Peer-reviewed publication in the Journal of the American Heart Association found the AI algorithm detects clinically significant murmurs comparable to expert cardiologists

Eko, a cardiopulmonary digital health company, today announced the peer-reviewed publication of a clinical study that found that the Eko artificial intelligence (AI) algorithm for detecting heart murmurs is accurate and reliable, with comparable performance to that of an expert cardiologist. The findings suggest utility of the FDA-cleared Eko AI algorithm as a frontline clinical tool to aid clinicians in screening for cardiac murmurs that may be caused by valvular heart disease.

Algorithm performance for detecting murmurs was found to have sensitivity of 90.0% and specificity of 91.4%, when excluding grade 1 murmurs which are difficult to hear. The NIH-sponsored, multisite study published in the Journal of the American Heart Association was the largest study on AI analysis of cardiac murmurs. Study investigators included collaborators from Northwestern Memorial Hospital, University of California San Francisco Medical Center, Los Alamitos Cardiology Clinic, and Mount Sinai Medical Center.

“When it comes to listening for heart murmurs, the standard of care involves a lot of subjectivity on the part of the listener,” said John Maidens, PhD, head of Data Science at Eko. “It takes expert clinicians many years to master the art of hearing and interpreting heart murmurs, and there is still a lot of variability. Our study demonstrated considerable variability even among our expert cardiologists.”

“We designed the study to see whether the algorithm could not only identify murmurs in an experimental setting, but whether it could help clinicians actually make difficult diagnostic decisions at the bedside. And that’s what the results show,” said Dr. John Chorba, lead author of the study and cardiologist at the University of California San Francisco. “I’m incredibly excited because this may just be the tip of the iceberg with the technology, and as it gets more widely used, we’ll get to see how much further it can take us in diagnosing heart disease.”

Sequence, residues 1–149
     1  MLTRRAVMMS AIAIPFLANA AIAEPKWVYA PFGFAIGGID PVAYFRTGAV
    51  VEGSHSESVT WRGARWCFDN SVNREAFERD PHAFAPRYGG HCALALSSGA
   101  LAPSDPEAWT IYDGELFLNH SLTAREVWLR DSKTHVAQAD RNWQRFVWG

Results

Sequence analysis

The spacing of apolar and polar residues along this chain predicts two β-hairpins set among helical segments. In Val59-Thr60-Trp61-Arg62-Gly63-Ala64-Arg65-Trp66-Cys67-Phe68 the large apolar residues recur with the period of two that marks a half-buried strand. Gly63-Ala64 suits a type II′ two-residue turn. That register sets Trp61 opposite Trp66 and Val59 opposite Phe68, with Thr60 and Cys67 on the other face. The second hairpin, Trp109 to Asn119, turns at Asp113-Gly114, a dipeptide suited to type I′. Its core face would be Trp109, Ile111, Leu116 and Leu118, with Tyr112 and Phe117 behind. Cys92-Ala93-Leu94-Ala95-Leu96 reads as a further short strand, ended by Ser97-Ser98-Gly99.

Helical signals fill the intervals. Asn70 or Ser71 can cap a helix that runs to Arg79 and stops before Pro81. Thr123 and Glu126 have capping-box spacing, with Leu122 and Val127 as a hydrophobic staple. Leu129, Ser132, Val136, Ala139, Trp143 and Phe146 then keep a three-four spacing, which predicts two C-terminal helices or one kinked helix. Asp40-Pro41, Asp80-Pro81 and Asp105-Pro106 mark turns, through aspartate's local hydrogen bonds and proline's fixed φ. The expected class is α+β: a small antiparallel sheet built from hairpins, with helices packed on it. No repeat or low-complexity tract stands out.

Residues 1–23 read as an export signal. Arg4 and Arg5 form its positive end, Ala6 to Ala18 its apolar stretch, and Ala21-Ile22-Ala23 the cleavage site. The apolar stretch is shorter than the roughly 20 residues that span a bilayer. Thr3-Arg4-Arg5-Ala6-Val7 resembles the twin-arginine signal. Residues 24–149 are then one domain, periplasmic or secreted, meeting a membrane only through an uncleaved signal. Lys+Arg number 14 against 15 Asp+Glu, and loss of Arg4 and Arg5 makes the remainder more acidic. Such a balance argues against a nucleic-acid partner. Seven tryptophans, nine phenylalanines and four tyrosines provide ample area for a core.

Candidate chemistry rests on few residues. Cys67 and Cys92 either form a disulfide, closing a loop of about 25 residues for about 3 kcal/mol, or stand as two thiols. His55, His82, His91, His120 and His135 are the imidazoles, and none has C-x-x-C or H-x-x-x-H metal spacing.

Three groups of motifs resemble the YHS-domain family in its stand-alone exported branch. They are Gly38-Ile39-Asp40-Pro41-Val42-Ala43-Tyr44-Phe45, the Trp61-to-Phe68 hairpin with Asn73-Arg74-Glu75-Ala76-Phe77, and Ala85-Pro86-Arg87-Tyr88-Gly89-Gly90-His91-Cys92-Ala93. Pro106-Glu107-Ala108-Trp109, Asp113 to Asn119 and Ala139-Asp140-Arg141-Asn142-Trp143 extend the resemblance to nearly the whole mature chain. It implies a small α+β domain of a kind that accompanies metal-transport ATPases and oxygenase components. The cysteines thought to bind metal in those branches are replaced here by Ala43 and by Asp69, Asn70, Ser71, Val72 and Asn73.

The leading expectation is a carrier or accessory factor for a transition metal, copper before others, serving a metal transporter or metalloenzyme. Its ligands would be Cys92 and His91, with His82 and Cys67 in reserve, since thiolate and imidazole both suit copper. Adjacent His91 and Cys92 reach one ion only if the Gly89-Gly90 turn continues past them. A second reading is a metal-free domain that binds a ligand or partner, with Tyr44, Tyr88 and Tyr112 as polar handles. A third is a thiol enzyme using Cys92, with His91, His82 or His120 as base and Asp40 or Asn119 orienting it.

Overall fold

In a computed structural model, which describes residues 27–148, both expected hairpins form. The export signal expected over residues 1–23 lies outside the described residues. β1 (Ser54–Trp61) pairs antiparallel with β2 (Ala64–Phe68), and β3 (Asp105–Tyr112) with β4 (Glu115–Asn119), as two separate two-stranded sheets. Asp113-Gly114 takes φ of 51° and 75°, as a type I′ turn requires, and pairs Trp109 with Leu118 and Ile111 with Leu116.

For moderate-to-severe aortic stenosis, the algorithm was found to have sensitivity of 93.2% and specificity of 86.0%. The algorithm significantly outperformed general practitioners listening for moderate-to-severe valvular heart disease, as a 2018 study showed general practitioners had sensitivity of 44% and specificity of 69%.

“We are thrilled by how Eko’s digital stethoscopes with Eko AI analysis can help any frontline provider discover meaningful, clinically important cardiac murmurs at the point of care,” said Dr. Adam Saltman, chief medical officer at Eko. “By detecting heart disease earlier, patients can be treated earlier. Costs are typically lower, outcomes are better, and they are more likely to retain a better quality of life. Appropriate patients can be referred to specialists for care when they need it. In addition, the high specificities mean that healthy patients will be much less likely to have unnecessary testing.”

“The stethoscope has changed remarkably little in its 200+ year history,” said Dr. James Thomas, director of the Center for Heart Valve Disease at Bluhm Cardiovascular Institute at Northwestern Medicine and senior author to the study. “Now for the first time, artificial intelligence is being applied to stethoscopic heart sounds to improve the auscultation skills of health care professionals. This technology has the promise to extend this expertise to all clinicians.”